evaluation, working with a local evaluator, or launching a self-evaluation effort."



Virginia weed and seed program evaluation - Johnson et al 2000

"Virginia became active in the federal Weed and Seed project in 1992 when the City of Richmond was awarded federal funds to begin a local program. Richmond’s Weed and Seed project was the only such project funded in the state until 1997. At that time, Governor George Allen
introduced a state initiative to fund similar projects in other high-need localities. In May 1997, approximately $1 million in state grant funds was made available to Virginia localities for the first year of the Virginia Weed and Seed Initiative. In general, this program sought to improve
the quality of life for residents living in particularly distressed neighborhoods (DCJS, 1999a). Modeled after the U.S. Department of Justice’s Federal Weed and Seed initiative, the Virginia Weed and Seed project was in operation for three full years in the localities of Lynchburg, Norfolk, Winchester, and Petersburg."



Evaluation of weed and seed: A cross site analysis - Dunworth et al 1999

"Operation Weed and Seed represents an ambitious Federal, State, and local attempt to improve the quality of life in targeted high-crime areas of America’s cities. First launched by the U.S. Department of Justice in 1991, the program is designed to control violent crime, drug trafficking, and drug-related crime and to provide a safe environment in which residents can live, work, and raise their families."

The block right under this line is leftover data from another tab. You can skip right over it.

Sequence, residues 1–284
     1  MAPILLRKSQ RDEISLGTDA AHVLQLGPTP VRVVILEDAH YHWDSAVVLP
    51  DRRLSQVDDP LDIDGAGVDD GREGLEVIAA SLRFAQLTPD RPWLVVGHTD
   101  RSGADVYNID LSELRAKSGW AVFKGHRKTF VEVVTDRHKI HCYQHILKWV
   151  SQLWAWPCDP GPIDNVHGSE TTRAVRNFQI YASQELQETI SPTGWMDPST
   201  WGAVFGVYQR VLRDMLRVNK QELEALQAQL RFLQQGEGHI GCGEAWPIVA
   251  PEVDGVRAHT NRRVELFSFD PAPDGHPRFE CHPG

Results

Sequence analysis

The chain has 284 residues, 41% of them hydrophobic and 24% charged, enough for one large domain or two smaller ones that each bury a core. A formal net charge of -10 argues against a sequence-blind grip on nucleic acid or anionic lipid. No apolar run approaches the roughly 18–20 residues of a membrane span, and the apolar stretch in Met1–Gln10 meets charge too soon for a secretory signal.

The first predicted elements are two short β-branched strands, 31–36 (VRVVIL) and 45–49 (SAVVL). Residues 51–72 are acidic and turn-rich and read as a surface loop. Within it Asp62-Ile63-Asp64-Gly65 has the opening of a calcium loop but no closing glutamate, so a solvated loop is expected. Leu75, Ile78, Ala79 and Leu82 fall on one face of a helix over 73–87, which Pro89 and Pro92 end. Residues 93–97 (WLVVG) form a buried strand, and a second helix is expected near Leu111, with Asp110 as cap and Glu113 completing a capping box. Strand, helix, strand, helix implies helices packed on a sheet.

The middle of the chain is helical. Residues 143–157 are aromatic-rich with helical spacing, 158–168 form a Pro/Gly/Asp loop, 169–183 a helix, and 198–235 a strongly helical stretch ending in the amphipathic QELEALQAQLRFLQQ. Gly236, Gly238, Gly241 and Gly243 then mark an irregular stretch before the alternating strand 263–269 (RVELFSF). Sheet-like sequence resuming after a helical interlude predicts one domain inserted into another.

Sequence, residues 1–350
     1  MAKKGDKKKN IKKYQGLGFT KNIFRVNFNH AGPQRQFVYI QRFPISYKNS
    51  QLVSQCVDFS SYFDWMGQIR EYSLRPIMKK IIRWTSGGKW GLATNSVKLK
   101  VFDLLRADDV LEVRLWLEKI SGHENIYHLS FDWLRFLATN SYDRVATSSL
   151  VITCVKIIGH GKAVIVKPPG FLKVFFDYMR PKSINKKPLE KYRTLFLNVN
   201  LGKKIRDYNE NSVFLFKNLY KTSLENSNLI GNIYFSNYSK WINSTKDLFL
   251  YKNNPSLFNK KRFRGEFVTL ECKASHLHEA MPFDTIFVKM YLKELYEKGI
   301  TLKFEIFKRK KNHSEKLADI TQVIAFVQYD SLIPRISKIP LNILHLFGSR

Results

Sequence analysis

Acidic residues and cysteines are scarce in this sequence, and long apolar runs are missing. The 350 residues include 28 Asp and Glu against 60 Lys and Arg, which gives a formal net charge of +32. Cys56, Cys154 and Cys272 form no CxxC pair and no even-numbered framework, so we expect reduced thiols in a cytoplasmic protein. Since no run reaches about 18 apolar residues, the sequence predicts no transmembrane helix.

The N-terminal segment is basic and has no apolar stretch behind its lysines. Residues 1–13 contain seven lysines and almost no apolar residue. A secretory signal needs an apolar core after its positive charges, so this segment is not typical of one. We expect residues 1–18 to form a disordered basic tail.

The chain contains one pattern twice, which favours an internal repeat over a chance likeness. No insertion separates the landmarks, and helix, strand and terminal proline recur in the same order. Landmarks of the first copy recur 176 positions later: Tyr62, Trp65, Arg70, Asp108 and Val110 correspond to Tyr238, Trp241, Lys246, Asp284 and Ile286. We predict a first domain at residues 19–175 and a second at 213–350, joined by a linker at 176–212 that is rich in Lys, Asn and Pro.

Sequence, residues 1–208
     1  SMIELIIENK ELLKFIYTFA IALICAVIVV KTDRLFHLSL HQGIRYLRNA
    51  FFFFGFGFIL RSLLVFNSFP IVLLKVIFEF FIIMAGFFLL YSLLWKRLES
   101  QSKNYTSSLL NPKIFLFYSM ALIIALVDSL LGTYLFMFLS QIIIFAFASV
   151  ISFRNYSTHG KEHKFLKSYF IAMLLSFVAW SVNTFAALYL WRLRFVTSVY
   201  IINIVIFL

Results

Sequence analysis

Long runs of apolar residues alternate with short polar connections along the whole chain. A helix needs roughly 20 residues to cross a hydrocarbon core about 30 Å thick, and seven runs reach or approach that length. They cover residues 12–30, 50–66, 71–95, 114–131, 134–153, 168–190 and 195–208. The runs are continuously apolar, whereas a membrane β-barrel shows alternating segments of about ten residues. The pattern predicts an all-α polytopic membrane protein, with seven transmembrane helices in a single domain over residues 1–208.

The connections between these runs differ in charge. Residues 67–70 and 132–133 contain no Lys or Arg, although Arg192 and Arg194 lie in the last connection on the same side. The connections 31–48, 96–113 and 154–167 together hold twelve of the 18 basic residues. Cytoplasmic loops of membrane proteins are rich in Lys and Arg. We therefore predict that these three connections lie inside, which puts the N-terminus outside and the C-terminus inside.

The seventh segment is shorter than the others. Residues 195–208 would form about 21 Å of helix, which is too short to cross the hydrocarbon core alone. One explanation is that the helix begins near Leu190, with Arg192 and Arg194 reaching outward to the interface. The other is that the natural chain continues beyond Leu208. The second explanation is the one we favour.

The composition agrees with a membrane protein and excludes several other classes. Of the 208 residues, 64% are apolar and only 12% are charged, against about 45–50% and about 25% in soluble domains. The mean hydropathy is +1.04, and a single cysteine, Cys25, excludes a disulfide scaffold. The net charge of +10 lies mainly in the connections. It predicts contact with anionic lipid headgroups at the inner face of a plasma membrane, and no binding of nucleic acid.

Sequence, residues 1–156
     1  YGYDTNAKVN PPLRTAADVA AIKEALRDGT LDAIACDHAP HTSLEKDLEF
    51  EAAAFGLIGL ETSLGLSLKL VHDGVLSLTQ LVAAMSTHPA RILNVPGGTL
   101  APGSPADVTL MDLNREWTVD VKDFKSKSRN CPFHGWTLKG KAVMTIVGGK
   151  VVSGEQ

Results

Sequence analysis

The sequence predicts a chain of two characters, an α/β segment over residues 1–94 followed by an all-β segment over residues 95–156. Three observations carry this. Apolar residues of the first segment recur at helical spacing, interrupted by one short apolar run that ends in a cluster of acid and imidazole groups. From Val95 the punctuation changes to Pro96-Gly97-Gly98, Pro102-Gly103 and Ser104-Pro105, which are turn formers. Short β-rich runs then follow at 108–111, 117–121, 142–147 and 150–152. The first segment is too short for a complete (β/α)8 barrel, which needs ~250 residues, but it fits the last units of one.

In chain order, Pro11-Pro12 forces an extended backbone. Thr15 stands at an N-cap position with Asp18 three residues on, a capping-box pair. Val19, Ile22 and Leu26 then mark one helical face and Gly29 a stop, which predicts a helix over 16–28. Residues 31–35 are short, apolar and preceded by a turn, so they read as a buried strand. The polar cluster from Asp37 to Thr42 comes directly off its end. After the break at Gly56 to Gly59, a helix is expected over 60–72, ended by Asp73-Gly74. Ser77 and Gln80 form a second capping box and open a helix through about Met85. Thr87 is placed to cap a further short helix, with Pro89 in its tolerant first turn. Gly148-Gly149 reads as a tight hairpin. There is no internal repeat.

National Institute of Justice - National evaluation of weed and seed - Dunworth and Mills 1999

"Discussed in this Brief: The National Evaluation of Operation
Weed and Seed, a strategy to control violent crime, drug trafficking,
and drug-related crime in targeted areas and to provide a safe environment for residents to live, work, and raise their families. From the initial three grant sites in 1991, Weed and Seed has grown to include 200 sites nationwide. The Weed and Seed programs in eight sites—Hartford, Connecticut; Manatee and Sarasota Counties, Florida; Shreveport, Louisiana; Las Vegas, Nevada; Akron, Ohio; Pittsburgh, Pennsylvania; Salt Lake City, Utah; and Seattle, Washington—were selected for the national evaluation of their implementation and measurable effects on crime and public safety."



National evaluation of weed and seed: Las Vegas Nevada - Dunworth et al 1999

"Unveiled in 1991, Operation Weed and Seed represents an ambitious attempt to improve the quality of life in America’s cities. The ultimate goals of Weed and Seed are to control violent crime, drug trafficking, and drug-related crime in targeted high-crime neighborhoods and to provide a safe environment, free of crime and drug use, in which law-abiding citizens can live, work, and raise their families. Weed and Seed, administered by the Executive Office for Weed and Seed (EOWS), is
grounded in the philosophy that targeted areas can best be improved by a two-pronged strategy of “weeding” out violent offenders, drug traffickers, and other criminals by removing them from the targeted area and “seeding” the area with human services and neighborhood revitalization efforts. Community policing is intended to serve as the bridge between weeding and seeding."